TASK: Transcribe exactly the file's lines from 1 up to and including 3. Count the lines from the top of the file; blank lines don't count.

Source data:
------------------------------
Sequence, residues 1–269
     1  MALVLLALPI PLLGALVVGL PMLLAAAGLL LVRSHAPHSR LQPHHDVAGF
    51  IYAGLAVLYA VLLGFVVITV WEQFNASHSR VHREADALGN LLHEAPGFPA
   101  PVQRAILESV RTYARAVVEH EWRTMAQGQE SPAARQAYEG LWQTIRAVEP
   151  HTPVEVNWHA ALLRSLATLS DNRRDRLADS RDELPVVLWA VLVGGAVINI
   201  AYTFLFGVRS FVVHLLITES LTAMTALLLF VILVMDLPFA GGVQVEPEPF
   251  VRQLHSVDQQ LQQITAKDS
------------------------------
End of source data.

Sequence, residues 1–269
     1  MALVLLALPI PLLGALVVGL PMLLAAAGLL LVRSHAPHSR LQPHHDVAGF
    51  IYAGLAVLYA VLLGFVVITV WEQFNASHSR VHREADALGN LLHEAPGFPA